Although my first introduction to AD&D started with the original 1st edition books, the books for AD&D 2nd edition played a much bigger role in the longevity of the game for me and my group. We spent almost two decades running this system, thus we came to know these books so well and used them so much that the pages literally started falling out of the binding. It got to the point where I could instantly flip the book open to non-weapon proficiencies or spells by feel, yes we were that hardcore into 2nd edition.
So, having WotC re-release the books I grew up with was a special treat for me. When I received these books in the mail I was honestly a bit disappointed to see that they went with the “2.5” style as opposed to the original, I had dreamed of opening up the box to see that old Jeff Easley artwork of the warrior on horseback with whom had become a legendary hero in my mind as I saw him each and every time we gamed. Yes, it was a let down, but I quickly recovered and lifted the books from the mangled cardboard shipping wreckage.
I started with the PHB, but before cracking it open I took a close look at the cover itself which has the feel of faux leather and some embossing. The original cover artwork is cropped into a diamond and placed in the center with the title embossed in golden lettering upon a green background. The three books finally look to be part of the same set which was something that was missing from previous printings of AD&D 2nd edition. The binding is very high quality and probably won’t fall apart as easily as my old tried and true AD&D books from back in the day. The flyleaves are a golden brown and give the book a very classy feel while the interior pages are a tad thicker and higher quality than the originals. The print quality is crisp and quite clear.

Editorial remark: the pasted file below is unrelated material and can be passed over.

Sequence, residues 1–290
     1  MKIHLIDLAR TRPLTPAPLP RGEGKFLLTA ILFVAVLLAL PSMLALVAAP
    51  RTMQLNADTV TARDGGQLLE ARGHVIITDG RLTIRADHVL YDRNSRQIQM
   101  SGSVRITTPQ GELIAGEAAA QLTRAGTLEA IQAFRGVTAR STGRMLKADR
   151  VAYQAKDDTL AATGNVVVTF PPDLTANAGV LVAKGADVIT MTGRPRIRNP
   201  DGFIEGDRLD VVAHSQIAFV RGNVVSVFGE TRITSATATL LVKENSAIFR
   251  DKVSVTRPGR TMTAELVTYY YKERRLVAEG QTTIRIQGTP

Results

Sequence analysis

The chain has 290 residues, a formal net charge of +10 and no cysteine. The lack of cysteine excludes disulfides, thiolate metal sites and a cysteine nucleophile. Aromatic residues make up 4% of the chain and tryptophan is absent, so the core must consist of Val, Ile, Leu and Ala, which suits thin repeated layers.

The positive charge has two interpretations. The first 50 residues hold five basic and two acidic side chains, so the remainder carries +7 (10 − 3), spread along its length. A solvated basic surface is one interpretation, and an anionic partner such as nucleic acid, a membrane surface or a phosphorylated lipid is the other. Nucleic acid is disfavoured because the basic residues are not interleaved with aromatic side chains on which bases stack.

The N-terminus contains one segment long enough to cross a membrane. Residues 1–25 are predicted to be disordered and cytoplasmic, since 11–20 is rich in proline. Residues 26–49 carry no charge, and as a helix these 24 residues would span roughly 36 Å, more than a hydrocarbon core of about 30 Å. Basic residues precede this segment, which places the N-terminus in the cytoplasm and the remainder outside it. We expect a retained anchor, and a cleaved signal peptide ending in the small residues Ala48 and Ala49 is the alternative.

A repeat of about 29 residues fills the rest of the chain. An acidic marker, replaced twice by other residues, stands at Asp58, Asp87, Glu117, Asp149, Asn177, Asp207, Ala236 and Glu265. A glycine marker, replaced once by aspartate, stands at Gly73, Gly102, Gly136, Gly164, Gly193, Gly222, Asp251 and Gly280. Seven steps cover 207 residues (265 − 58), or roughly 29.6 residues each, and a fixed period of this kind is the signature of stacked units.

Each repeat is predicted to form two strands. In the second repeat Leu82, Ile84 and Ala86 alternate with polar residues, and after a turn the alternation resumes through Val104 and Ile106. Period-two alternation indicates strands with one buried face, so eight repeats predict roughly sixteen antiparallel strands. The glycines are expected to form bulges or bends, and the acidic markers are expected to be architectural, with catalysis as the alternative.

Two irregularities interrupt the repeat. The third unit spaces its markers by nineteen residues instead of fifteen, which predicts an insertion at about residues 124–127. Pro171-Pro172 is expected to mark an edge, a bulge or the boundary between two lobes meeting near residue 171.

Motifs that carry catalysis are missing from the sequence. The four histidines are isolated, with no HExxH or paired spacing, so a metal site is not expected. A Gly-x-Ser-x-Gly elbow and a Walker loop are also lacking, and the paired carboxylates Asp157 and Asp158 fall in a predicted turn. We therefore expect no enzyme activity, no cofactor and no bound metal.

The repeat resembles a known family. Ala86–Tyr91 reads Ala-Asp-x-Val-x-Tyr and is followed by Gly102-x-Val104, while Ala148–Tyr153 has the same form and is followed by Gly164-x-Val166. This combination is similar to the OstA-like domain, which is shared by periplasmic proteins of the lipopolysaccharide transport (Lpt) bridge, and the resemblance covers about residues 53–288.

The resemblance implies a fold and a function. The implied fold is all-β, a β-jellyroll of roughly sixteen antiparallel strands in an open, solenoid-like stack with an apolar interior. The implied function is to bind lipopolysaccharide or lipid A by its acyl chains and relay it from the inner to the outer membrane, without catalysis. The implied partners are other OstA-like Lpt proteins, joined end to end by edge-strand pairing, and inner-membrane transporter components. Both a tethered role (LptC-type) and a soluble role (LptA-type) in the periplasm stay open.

The artwork is not the classic and high quality art from the original 1989 version, but the 2.5 1995 re-release filled with sub-par art.
Some of the errata which WotC claimed to have fixed is still broken and there are a few hidden errors on tables and charts riddled throughout the book.
If you want to get into some of the older games this AD&D reprint is perfect for you, if you’re a fan of 2nd edition and would like to replace your crumbling older books this also maybe right for you, but if you’re a true nostalgic such as myself, these books will not cause your eyes to mist over with memories, quite the opposite in fact as you find yourself feeling disappointed and going back to your 1989 original printing of the 1st AD&D 2nd edition Player’s Handbook and cracking it open one more time before all the pages fall out for good…
I give them 4 out of 5 stars as a general RPG book review.
On a personal note, they unfortunately receive only 2 out of 5 stars by a true nostalgic/collector of vintage RPGs.